Obesity Prevention Starts at Home!
Were you aware that the likelihood a child struggles with obesity is largely impacted by their home environment?
Childhood obesity has more than doubled in the past 30 years and has quadrupled in adolescents. Obese children are more likely to remain obese as adults. Obesity increases their risk for adult health problems such as heart disease, type 2 Diabetes, stroke, several types of cancer, and osteoarthritis. According to the CDC, one study showed that children who became obese as early as age two were more likely to be obese as adults.(1)
As parents, you set your children up for success or send them down a path of health/weight related struggles.
There is so much more to healthy eating than simply knowing the right foods to choose. Think about how many memories you have that involve food. Those memories evoke various emotions. While your children are young and impressionable, you have the opportunity to shape their perception of food.
Here are some simple “Do’s” and “Don’ts” to help your child develop healthy food habits.
- DO make time to have dinner as a family.
- Spend time catching up, finding out about each other’s day- highs, lows, etc. While you’re at it, be sure to prepare and eat a variety of fruits and veggies. You are a role model to your children. They mimic what you do.
- DON’T force your child to eat everything on their plate. I vividly remember my mom’s cornbread, ham, and spinach bake. I hated it, but in my house what was for dinner was the only option and that was that. However, rather than force me to finish everything on my plate (if indeed I was truly full and wasn’t scrambling to get out of dinner so that I could eat cereal later) my parents would wrap up my plate and save it for me in the event that I got hungry later.
This taught me, first, to appreciate my mom’s hard work in the kitchen. I never expected her to make multiple dinners to please us all, and believe it or not…I grew to enjoy this meal. More importantly, this taught me to recognize true hunger and satiation cues. Forcing your children to eat everything shuts down their sensitivity to Leptin (the hormone the body produces to indicate satiety/fullness) and conditions them to overeat.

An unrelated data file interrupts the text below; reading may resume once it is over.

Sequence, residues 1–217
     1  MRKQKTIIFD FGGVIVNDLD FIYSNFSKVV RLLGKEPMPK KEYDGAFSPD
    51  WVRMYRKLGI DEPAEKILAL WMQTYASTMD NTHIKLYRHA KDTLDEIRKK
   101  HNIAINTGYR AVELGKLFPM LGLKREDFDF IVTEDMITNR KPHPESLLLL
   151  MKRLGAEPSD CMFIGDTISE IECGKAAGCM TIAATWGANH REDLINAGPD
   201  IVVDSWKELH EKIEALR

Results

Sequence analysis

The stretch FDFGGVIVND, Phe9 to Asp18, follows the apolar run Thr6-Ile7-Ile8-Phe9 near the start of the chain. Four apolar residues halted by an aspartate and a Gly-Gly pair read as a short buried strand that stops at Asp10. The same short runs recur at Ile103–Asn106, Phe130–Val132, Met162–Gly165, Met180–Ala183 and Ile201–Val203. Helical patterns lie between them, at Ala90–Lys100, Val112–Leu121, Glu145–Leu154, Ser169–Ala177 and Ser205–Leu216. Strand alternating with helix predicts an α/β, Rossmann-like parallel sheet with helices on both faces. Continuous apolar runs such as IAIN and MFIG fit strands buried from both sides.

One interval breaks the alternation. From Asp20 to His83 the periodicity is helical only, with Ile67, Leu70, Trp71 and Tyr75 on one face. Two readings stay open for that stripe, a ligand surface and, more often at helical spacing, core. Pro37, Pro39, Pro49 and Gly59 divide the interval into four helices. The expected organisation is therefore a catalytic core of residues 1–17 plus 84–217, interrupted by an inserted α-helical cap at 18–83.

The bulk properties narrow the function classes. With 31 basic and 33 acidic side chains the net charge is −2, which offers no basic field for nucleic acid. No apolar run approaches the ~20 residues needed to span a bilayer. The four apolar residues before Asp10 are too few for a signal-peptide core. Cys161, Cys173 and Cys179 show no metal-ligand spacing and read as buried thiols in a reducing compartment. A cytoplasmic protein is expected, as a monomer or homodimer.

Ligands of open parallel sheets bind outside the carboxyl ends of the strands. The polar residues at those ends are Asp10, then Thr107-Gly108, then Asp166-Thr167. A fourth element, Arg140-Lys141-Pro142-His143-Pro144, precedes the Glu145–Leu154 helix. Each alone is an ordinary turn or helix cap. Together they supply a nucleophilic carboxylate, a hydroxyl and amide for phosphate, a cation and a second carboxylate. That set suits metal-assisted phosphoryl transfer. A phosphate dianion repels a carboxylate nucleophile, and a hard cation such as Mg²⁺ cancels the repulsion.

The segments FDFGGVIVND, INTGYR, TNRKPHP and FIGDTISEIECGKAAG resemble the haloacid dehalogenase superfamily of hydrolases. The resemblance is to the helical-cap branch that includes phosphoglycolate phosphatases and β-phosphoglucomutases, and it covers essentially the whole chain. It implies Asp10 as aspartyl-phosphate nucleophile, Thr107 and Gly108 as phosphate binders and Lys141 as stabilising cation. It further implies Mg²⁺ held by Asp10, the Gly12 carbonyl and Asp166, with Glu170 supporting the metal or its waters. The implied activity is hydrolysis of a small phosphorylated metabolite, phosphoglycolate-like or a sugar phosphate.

How many adults do you know who habitually clean their plate at restaurants? You might be one. You push far past the satisfied feeling just because the food is there. Remember, those portions are double (if not more) than a standard serving size!
- DO encourage your children to participate in the preparation of meals. Incorporate a variety of fruits and veggies. Children take pride in what they create! They’re more inclined to try something new that they took part in making.
You have more impact than you realize!
If you’ve already been doing these things, great! If you haven’t…start NOW!
Always lead by example. Avoid having packaged foods in the house. They provide little, if any, nutrients. Instead, make sure that your refrigerator is stacked with healthy options (carrots and hummus, nuts, fruits, string cheese, yogurt, etc). Your children will eat when they’re hungry.
As the parent you control what’s available. Create healthy habits that as a family your children can carry into adulthood.
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